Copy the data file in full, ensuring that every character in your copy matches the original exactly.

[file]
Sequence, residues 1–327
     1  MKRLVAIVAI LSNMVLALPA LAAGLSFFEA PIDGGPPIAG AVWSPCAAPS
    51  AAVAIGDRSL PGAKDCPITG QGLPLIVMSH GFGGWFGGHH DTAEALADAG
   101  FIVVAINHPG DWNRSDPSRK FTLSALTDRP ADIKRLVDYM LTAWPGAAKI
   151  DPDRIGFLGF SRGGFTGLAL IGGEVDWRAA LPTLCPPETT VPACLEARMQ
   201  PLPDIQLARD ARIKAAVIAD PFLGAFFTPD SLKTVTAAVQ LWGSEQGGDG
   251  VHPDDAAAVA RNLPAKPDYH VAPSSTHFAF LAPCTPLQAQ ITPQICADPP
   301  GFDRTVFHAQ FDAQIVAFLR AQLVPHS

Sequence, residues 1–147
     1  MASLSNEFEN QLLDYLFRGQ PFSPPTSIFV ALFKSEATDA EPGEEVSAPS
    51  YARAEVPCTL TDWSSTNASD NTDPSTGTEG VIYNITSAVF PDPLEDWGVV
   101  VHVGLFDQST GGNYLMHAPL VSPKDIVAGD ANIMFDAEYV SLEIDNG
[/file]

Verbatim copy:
Sequence, residues 1–327
     1  MKRLVAIVAI LSNMVLALPA LAAGLSFFEA PIDGGPPIAG AVWSPCAAPS
    51  AAVAIGDRSL PGAKDCPITG QGLPLIVMSH GFGGWFGGHH DTAEALADAG
   101  FIVVAINHPG DWNRSDPSRK FTLSALTDRP ADIKRLVDYM LTAWPGAAKI
   151  DPDRIGFLGF SRGGFTGLAL IGGEVDWRAA LPTLCPPETT VPACLEARMQ
   201  PLPDIQLARD ARIKAAVIAD PFLGAFFTPD SLKTVTAAVQ LWGSEQGGDG
   251  VHPDDAAAVA RNLPAKPDYH VAPSSTHFAF LAPCTPLQAQ ITPQICADPP
   301  GFDRTVFHAQ FDAQIVAFLR AQLVPHS

Sequence, residues 1–147
     1  MASLSNEFEN QLLDYLFRGQ PFSPPTSIFV ALFKSEATDA EPGEEVSAPS
    51  YARAEVPCTL TDWSSTNASD NTDPSTGTEG VIYNITSAVF PDPLEDWGVV
   101  VHVGLFDQST GGNYLMHAPL VSPKDIVAGD ANIMFDAEYV SLEIDNG